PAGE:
“Irrespective of the order of which things happened, I still think it’s a positive thing, or it’s at least worth trying,” he said, citing the amount of tickets given to students in the lot. 

D’Esposito noted in the email that the North Ferguson Lot, which previously had only five visitors spots, is one of the most highly ticketed parking areas on campus, generating around 500 to 600 citations a month. D’Esposito said citation revenue varies year to year but will average between $1.6 and $2 million annually. From August of last year to July of this year, the two pay stations were used over 33,400 times and reaped just over $85,000. Permits, however, generate the most revenue for the department, at about $8 million per year.

Because the department is not funded by the University, that money goes back into campus infrastructure, such as roadways, parking decks and signage. 

THE BOTTOM LINE

The installation of these pay-to-park spaces follow several efforts by the Faculty Senate to make parking more affordable, including decreasing permit prices for adjunct faculty and graduate students. Meeting minutes from September 2018 show that about half of all students purchased permits last year, whereas 85% of faculty and staff purchased permits. Currently, transportation services is working off of a $3 million debt-service to purchase buses, pave roadways and lots, pay salaries and support ten parking decks.

Hudnall said he considers the pay-to-park efforts to be an experiment in providing more services to a growing population of students while facing challenges that come with being self-funded. 

“I personally think Transportation Services is doing all that they can to work within their constrained budget and are looking for innovative ways to reduce costs to faculty, staff, and students,” Hudnall said in an email. “… UA has undergone unprecedented growth over the past decade and while many buildings and infrastructure have been funded centrally, much of transportation was not due to the way it was structured.” 

This year, parking tag fees have stalled for the first time in several years, even after efforts to introduce evening permits failed amid pushback. But student responses to the most recent plans varied. Some felt that pay stations were ideal for visitors and provided an alternative to parking in zones far from class, whereas others remained critical of the fees expected of them.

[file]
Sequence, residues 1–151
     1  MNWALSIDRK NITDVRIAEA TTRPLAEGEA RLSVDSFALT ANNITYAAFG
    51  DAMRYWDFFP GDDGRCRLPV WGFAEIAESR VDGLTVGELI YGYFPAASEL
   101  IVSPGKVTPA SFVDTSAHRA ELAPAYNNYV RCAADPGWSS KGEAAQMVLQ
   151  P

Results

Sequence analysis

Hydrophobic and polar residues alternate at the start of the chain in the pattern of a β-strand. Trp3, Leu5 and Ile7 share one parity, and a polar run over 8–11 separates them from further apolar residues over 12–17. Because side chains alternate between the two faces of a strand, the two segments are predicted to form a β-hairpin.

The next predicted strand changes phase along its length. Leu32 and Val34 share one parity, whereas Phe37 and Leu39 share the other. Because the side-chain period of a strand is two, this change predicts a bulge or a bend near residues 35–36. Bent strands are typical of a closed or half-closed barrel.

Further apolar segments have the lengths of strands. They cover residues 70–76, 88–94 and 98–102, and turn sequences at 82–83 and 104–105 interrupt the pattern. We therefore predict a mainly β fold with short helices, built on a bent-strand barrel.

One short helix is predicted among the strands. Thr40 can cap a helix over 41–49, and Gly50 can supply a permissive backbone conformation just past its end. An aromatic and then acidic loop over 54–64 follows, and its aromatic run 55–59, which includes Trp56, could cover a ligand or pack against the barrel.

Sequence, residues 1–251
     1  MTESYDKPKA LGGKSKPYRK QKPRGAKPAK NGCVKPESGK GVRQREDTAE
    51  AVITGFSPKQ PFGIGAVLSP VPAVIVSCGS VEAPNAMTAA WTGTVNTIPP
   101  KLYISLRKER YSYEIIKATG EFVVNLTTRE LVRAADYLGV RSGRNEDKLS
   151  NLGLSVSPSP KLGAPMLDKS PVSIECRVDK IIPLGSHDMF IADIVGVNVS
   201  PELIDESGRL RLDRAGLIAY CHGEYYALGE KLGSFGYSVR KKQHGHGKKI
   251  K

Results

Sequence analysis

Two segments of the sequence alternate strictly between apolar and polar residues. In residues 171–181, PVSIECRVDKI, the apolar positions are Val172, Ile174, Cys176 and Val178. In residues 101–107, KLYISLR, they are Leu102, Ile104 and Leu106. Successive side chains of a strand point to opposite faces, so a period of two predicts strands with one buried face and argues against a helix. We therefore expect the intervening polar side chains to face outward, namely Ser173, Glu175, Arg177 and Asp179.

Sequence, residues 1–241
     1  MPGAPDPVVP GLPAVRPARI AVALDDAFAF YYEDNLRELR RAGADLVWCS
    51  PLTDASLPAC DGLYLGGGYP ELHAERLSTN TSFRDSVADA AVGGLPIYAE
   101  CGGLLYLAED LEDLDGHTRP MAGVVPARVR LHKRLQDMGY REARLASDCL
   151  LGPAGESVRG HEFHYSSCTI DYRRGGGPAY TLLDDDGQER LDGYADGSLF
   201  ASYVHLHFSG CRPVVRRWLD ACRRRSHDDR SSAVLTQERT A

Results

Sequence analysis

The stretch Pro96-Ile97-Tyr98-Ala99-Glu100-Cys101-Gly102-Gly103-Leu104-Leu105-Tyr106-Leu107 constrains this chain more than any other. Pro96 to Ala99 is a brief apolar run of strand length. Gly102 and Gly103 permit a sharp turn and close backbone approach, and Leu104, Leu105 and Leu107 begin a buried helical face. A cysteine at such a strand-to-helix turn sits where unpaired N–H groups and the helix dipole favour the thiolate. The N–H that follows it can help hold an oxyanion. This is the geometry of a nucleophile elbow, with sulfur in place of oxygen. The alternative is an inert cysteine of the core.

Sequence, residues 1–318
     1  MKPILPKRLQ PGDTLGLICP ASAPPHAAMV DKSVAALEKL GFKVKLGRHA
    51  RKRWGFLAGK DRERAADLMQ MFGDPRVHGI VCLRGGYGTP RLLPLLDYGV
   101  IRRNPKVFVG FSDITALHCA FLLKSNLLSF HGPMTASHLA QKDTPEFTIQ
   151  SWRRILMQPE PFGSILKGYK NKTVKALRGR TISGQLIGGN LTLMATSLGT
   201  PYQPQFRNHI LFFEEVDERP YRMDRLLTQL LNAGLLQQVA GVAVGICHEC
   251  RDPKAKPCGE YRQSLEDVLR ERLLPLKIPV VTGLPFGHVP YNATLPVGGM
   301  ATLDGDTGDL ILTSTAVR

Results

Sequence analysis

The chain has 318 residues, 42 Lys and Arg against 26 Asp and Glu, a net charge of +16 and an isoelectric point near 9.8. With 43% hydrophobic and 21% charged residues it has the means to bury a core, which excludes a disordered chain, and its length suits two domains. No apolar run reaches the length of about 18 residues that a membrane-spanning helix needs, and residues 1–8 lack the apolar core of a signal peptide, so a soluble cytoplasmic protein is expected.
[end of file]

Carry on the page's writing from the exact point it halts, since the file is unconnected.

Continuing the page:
Elissa Robinson is a senior majoring in secondary education who works at the Ferguson Center. She said she was there when the initial plans were proposed to her staff. Workers at the Ferguson Center are typically encouraged to buy the green faculty/staff passes, which are $345 – almost enough to cover Robinson’s monthly rent. 

“They were like, ‘Oh, here’s a new option for you if you work at the Ferg,’” Robinson said. “But I mean if you’re working 8 hour shifts, then… Like, I see where they’re trying to go. Once you calculate how much you pay by the hour, you’re like, ‘Oh, well I might as well just buy a parking pass.’” 

Rachelle Cook, a recent graduate in kinesiology, said she understands concerns among some faculty and staff about the loss of parking spots. 

“I think it’s just, no one is going to be happy no matter what because parking is terrible,” she said.

Cook, who broke her kneecap after slipping in ten Hoor last year, was wearing a brace when she was asked to run an errand at the Ferguson Center for her on-campus internship. 

“Taking the bus was awful,” she said. “People glared at me because my leg would take up the whole aisleway.”

So Cook drove, and when she couldn’t find a spot in the temporary spots closer to the building, she parked illegally – and came back to find a ticket. Cook said she has taken advantage of other pay-to-park areas due to her sustained injury, which cost her about $8 per day. For her, the changes in the Ferguson Lot provide similar opportunities, as well as concerns. 

“It’s definitely nice because before, you couldn’t park there at all and now at least if you need to go pick up a package, you can do that and you’re not going to come back to a $50 ticket,” she said. “The only thing that I wouldn’t like about that is I feel like a lot of people are going to park there for class, and then we’re all back to square one.” 

As the department ventures toward a new strategic plan, Hudnall urged others to hang tight. 

“Those costs, like parking deck capital investments, have to be funded by hang tag prices and other innovative revenue sources like parking meters,” Hudnall said. “The impact of electric and autonomous vehicles, ride sharing, and many other aspects are being considered to minimize costs and have UA be prepared for the changes that the rest of the world is facing as well.”

Rona Donahoe, the Faculty Senate president, could not be reached for comment by the time of publication.